Feeding children peanuts at a young age could help them avoid developing an allergy to the nuts in later life, according to a new study.
Research undertaken as part of a Learning early about peanut allergy (Leap) clinical trial found the introduction of peanut-containing food was found to be "safe and well tolerated" in children and could reduce the risk of a future allergy developing.
The NHS website currently advises parents should avoid giving children peanuts before the age of six months.
Leap's lead investigator, Professor Gideon Lack, from King's College London, said the trial's findings showed previous advice about the nuts could be incorrect, although it was noted the results did not apply to infants who had shown early signs of a peanut allergy as they were excluded from the trial.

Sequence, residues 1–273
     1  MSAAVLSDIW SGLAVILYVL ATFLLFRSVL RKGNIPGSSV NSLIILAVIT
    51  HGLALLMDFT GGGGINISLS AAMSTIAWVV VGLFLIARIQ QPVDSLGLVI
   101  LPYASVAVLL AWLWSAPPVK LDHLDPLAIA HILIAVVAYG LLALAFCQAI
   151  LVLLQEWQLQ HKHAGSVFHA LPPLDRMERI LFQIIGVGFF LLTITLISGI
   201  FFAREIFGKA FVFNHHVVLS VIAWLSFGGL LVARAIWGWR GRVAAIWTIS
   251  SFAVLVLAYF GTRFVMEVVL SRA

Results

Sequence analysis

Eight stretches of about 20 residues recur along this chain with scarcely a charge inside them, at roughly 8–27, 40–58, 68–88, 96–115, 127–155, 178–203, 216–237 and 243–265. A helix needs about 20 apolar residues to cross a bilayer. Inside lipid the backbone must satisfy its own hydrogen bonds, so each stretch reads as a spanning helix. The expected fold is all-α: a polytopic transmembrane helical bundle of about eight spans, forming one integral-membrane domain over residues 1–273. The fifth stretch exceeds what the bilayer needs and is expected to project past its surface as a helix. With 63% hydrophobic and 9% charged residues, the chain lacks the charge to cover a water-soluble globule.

He said: "For decades allergists have been recommending that young infants avoid consuming allergenic foods such as peanut to prevent food allergies.
"Our findings suggest that this advice was incorrect and may have contributed to the rise in the peanut and other food allergies."
ITV News' Science Correspondent Alok Jha reports on the latest findings:
As part of the trial two groups of children aged four to 11 months who already suffered from eczema or egg allergies, both of which are considered to indicate a high risk of developing a peanut allergy, were monitored for reactions to the nuts.
One group ate peanut-containing snack foods at least three times a week and the other group were kept away from peanuts altogether. As many as 17% of the children who were in the group who avoided the nuts became allergic to the food by the age of five compared to 3% who were in the group that consumed peanuts.
In children who are prone to the allergy, peanuts can cause symptoms including hives and abdominal pain to the potentially life-threatening allergic reaction anaphylaxis.